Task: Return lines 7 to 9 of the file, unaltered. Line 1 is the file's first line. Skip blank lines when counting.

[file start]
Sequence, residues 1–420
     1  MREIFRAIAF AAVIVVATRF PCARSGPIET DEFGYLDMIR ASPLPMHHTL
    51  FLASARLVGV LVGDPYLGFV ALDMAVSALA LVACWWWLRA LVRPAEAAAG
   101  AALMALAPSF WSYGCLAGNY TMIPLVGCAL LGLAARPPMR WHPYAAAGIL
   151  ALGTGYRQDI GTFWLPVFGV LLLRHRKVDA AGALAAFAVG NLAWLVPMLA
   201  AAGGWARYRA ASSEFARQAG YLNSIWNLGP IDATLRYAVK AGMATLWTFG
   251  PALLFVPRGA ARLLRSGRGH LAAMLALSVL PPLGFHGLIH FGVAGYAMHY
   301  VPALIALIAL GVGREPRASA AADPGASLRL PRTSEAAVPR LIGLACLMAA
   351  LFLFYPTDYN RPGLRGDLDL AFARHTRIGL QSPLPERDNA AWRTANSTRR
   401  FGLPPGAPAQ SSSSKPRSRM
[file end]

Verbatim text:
   251  PALLFVPRGA ARLLRSGRGH LAAMLALSVL PPLGFHGLIH FGVAGYAMHY
   301  VPALIALIAL GVGREPRASA AADPGASLRL PRTSEAAVPR LIGLACLMAA
   351  LFLFYPTDYN RPGLRGDLDL AFARHTRIGL QSPLPERDNA AWRTANSTRR